When Bill O’Reilly went to Fox News looking for work in 1996, Roger Ailes, chief of the startup cable network, asked him whether he could avoid getting into fistfights in the hallway.
O’Reilly was known in the business as a born broadcaster but one whose career had been defined by pique.
As an anchor at a Boston station, he’d once grabbed a disagreeable management consultant by the necktie and dragged him across the newsroom.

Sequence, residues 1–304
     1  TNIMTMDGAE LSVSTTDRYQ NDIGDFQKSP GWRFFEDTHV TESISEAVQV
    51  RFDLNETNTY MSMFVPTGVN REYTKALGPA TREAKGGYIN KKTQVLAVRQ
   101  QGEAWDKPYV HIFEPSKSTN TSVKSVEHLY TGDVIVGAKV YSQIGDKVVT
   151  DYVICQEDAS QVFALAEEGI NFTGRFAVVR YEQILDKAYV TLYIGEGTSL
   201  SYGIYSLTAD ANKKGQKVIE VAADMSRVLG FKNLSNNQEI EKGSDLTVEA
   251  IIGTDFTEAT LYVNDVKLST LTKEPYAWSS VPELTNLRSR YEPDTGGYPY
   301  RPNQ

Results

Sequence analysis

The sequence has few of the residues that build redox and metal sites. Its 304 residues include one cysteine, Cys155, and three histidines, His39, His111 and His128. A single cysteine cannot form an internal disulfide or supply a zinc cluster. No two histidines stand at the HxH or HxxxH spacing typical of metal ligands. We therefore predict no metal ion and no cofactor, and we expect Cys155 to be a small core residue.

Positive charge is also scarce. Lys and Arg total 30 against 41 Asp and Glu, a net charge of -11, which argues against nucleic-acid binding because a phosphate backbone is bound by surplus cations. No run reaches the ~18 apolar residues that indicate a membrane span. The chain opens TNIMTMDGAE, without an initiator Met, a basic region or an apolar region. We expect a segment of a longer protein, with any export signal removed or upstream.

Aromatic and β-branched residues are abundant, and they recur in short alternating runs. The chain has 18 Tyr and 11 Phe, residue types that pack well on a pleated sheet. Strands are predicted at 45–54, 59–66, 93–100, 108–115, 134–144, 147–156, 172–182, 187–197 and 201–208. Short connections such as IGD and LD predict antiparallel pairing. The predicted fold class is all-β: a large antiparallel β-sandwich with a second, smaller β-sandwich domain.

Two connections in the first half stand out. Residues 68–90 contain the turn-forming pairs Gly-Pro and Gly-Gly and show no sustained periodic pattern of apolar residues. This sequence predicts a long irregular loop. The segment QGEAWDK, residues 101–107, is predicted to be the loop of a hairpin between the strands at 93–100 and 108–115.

At Fox, O’Reilly channeled his rage into the self-designated role of national sentry, with the nightly mission, as he puts it, of “protecting the people” against an assortment of malefactors (who tend to be representatives of the bicoastal “liberal elite”).
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